This place was later came to be known as “The Death Strip”. Approximately 190 people were killed in this region with a further 200 being injured by gunshot inflicted wounds. Though it was a violation of the postwar Potsdam Agreements, The allied forces did not challenge the existence of the wall, and only committed to protecting serving West Germans in a political move that was aimed at avoiding conflict with the U.S.S.R.
The exodus from the east gradually slowed down and majority of East Germans could no longer visit, work or move to west Germany. Families who had their members in both east and west at the time of completion of the wall were separated for more than a quarter of a century.
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Other professionals who commuted to work in the west found themselves unemployed since there was no access to their jobs. Protests erupted in West Berlin, and the West Berliners criticized the allied forces for not antagonizing the construction of the wall, although the Potsdam Agreements gave them mandate over the whole of Berlin, (Fred 55).
Crossing the wall
At first, there was nobody who was allowed to cross over either in the west or east from the time the wall was built but it later changed in 1963. This was brought about by intense negotiations amid GDR and FRG governments that allowed West Germans limited access and restricted visits to the east during Christmas between 1963 and 1966.
After 1971 agreements, the borders between east and west became more porous to West Berliners who could then apply for a visa to East Germany, but the East Germans and citizens of other eastern European nations were not allowed into the west apart for a few exceptions, (Prager 28).
Permit approval was however not guaranteed for East Germans and GDR also limited the amount of money that they could convert to western currency in an attempt to restrict their financial autonomy while in the west.
This was aimed at making sure that those visiting the west would come back due to financial constraint. This led to the introduction West German’s policy of giving a small amount of money known as welcome money every year to east Germans who visited West Germany and West Berlin and this was meant to help assuage their tribulations.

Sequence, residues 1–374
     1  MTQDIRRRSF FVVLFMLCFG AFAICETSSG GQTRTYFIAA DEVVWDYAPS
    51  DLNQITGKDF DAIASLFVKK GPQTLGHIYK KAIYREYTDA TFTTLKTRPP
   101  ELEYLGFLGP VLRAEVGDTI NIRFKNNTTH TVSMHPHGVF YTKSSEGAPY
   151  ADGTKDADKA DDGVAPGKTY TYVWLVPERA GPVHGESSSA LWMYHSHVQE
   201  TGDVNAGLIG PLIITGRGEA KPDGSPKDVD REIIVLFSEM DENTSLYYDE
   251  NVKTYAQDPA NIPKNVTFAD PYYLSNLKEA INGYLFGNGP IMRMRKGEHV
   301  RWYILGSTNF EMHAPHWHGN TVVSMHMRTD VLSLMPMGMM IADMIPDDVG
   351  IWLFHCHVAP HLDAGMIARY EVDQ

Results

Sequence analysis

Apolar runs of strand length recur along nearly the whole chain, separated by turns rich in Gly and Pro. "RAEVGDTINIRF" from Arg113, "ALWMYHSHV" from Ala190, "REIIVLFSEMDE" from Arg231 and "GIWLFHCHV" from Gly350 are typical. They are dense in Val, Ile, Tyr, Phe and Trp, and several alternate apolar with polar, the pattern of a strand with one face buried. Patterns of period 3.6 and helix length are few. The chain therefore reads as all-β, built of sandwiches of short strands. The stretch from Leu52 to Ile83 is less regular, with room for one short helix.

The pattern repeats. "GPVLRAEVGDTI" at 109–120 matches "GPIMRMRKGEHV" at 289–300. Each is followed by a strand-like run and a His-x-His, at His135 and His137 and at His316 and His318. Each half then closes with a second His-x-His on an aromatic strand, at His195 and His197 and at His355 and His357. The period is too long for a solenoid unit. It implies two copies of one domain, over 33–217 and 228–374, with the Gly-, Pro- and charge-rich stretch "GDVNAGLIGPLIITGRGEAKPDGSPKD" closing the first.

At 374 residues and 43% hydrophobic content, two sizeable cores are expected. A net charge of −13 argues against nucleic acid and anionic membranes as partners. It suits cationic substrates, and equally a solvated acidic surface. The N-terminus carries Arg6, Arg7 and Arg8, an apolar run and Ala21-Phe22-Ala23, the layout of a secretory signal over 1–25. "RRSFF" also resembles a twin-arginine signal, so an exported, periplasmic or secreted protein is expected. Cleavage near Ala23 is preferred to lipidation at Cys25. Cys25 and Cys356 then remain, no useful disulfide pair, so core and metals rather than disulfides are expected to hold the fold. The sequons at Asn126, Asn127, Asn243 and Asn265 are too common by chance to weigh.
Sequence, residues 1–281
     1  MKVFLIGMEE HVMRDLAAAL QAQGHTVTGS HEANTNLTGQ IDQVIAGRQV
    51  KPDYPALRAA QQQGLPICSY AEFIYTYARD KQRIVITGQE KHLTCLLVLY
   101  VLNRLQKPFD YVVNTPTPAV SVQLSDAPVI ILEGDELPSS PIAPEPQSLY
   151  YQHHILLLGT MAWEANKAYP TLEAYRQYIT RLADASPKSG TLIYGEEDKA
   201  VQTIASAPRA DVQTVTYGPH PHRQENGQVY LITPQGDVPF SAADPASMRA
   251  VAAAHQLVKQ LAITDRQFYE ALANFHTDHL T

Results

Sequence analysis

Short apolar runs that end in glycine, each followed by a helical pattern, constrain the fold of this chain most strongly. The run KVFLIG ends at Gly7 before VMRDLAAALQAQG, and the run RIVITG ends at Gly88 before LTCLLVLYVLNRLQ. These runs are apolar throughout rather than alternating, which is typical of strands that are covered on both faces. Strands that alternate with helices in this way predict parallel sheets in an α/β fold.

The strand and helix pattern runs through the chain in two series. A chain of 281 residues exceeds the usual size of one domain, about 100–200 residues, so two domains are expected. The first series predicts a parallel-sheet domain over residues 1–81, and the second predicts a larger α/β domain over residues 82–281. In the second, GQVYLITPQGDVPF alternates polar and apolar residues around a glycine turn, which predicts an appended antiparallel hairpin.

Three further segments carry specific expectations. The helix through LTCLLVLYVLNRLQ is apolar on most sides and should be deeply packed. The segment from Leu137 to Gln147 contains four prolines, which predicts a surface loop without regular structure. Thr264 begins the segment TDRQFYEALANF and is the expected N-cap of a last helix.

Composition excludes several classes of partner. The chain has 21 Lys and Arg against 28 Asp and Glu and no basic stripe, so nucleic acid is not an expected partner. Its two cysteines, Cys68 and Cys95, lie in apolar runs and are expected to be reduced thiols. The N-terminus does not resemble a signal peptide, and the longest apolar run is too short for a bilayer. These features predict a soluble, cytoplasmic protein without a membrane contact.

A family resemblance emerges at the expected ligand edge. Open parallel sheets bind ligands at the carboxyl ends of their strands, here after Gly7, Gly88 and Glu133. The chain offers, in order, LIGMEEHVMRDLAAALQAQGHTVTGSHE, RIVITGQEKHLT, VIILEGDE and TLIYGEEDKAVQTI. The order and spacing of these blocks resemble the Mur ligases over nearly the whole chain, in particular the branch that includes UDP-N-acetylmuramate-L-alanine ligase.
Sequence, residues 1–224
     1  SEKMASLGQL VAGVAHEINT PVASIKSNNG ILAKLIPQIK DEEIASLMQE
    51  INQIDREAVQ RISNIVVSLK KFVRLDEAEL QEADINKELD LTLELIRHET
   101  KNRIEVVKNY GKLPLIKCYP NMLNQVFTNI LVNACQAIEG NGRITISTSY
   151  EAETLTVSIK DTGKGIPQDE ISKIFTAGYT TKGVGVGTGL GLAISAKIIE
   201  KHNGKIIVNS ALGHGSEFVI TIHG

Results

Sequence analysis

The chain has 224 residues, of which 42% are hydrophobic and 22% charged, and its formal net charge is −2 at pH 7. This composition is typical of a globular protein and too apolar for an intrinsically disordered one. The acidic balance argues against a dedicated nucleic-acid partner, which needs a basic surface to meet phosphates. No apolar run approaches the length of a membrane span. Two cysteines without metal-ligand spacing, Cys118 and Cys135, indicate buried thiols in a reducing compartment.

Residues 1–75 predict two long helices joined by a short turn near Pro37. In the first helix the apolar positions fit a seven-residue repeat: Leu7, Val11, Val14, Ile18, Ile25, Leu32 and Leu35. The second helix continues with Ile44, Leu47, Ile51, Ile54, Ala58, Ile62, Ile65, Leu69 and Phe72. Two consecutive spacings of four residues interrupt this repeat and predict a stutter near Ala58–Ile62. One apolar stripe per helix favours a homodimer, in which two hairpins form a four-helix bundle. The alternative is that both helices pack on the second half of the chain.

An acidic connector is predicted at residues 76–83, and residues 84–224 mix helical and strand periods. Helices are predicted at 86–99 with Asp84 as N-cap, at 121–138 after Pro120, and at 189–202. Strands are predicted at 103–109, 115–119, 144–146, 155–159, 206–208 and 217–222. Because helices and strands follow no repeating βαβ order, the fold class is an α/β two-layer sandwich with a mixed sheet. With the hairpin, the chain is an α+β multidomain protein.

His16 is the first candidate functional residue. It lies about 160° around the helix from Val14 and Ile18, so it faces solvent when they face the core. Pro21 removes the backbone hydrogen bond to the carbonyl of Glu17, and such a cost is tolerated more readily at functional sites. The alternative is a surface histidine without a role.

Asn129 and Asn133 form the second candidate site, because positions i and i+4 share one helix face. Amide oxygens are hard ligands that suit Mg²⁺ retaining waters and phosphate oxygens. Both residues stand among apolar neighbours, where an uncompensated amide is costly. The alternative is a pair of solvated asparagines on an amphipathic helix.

However, as a requisite for the post war Four Power Arrangements, allied military employees, diplomatic personnel and civilian officials could enter and exit East Berlin without presenting their documents at East German check points, (Andreas 2). Ordinary citizens of the Western Allied states who had no official association with the Allied forces were supposed to use the approved road or rail check points in and out of East Germany and they were required to present documents to the East German border control units.
There were eight border crossings between East and West Berlin that permitted visits by West Germans. Each of the border crossings had a designated nationality group which could pass through and that was only after verification of their identity and citizenship. Certain checkpoints only allowed West Germans; others only processed East Berliners while others were restricted to Allied personnel and foreigners only.
Impact of the Berlin wall
The establishment of the Wall had significant supposition for the East German state. By effectively reducing the emigration of people from East Germany, the East German government was able to restore its mandate over the country exterminating financial hardships grounded by a weak currency and an effervescent black market leading to the commencement of substantial economic growth in East Germany.
The GDR came to the defense of the wall, asserting that the wall was primarily to limit the belligerence that the west was setting in motion in East Germany. There were allegations that western spies and agents were operating in the east, subverting government programs and initiatives as well as collecting critical information. The eastern administration also claimed that the westerners were flooding the eastern markets to buy government subsidized goods which were cheaper than those in the west, (Alex 39).
The allied forces administration saw the construction of the wall from a different perspective. There were major concerns about the Soviets recapturing part or the whole of Berlin. These concerns were however put to rest by the erection of the wall for the wall would seemingly have been a superfluous undertaking if such a strategy was being considered by the soviets, decreasing the likelihood of a martial collision over Berlin.